Recently, IKEA created a very funny commercial about their Book-Book, also known as a catalogue. Check it out.




Filed under Social Media

12 responses to “PreCommerce: How social media is changing business

  1. Garry still prefers looking things up in reference books. It is faster for him. He knows the books, knows just where to look and sometimes, I admit, he can find something specific faster than I can — he doesn’t need to figure out what search term to use.

    And I have reference books for stuff that is not available elsewhere — mostly antique Chinese porcelain and antique dolls. Neither is accurately or easily available online. For those of us with specialized interests, not everything — even with all the Googling and Shmoogling in the world, is available online. Yet.

  2. I have purchased three book books in the past two months. hard copies of one book for my oldest son and daughter, and a book for me not available in Kindle form. Opened my book book yesterday and it felt good.

  3. Nothing can beat Wikipedia for referencing most topics. Scholars from all over the world contribute to this living encyclopedia. I myself have contributed to three historical items and know dozens of other contributors.

    • May I ask which ones you’ve done? I would love to see them.

      • If I can remember. One was a garden writer/botanist in the sixteenth century whose name begins with a G. He pioneered in plant identification and plant uses…herbal remedies (not Lineaus) and was a cohort of Francis ? A second is an early Italian scientist who pioneered in the history of human reproduction. His name starts with an M and is something like Malphigi…which may not be accurate. A fellow student wrote the article on The Transit of Venus, and it is very good. Remember these articles can be edited by any scholar in any part of the network, so one person is not responsible for the final article.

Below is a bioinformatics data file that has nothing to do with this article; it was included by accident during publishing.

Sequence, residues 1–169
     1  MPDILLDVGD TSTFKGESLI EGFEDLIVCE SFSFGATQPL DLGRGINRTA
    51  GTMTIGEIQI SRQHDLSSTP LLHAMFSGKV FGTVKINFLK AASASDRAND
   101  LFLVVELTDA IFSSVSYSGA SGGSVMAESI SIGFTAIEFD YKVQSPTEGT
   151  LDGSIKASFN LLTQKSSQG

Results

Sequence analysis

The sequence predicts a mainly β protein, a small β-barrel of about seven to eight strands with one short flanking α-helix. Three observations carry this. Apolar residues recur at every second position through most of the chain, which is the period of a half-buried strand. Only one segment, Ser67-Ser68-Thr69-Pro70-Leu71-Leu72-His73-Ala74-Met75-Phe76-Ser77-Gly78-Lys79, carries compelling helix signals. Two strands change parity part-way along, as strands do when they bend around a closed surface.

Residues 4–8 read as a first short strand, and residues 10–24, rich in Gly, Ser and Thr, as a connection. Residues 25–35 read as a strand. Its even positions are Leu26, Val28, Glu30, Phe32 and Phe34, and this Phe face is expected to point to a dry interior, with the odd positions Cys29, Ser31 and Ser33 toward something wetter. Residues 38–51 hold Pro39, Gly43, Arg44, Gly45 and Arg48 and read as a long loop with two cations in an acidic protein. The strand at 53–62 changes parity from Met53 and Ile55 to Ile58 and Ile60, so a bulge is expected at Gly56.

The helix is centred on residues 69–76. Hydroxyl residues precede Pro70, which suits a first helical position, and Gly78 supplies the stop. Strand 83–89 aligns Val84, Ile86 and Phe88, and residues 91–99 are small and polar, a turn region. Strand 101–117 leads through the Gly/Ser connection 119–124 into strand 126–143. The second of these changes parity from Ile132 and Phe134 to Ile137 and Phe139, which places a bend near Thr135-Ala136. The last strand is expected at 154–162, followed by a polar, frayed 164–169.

• I’ll look them up on Wikipedia. Thanks, Dianne!

  4. In my current role I coordinate the activities at the Teaching and Learning Commons for the Faculty of Education. The room (here are some pictures taken just after it opened has a significant amount of electronic equipment but I was initially fearful that the users might get the wrong impression–that is, that I did not value books. I therefore requested two bookcases–you can see them empty in the pictures–and have been very careful to keep current book displayed there. One case contains a display for young readers and the others is more intended for those between 13-18 yrs. I keep it thematic. In September we focused on multimedia and so I ensured that all of the books were also available online through services such as BookFlix. We then moved through displays celebrating (1) fall, (2) Halloween (3) Remembrance Day and now, as you might expect Christmas around the world. The education students have embraced the idea I am happy to report.

  5. John Gerard…but don’t confuse him with the Jesuit with the same name. My Gerard wrote the Herbal in the sixteenth century. I see the article has been edited by someone in England who calls himself Chiswick Chap. I think the ‘editing’ is mostly in the form of adding links, however, as the article looks much as I remember…ha Ha.

    I found the Malphigi article too.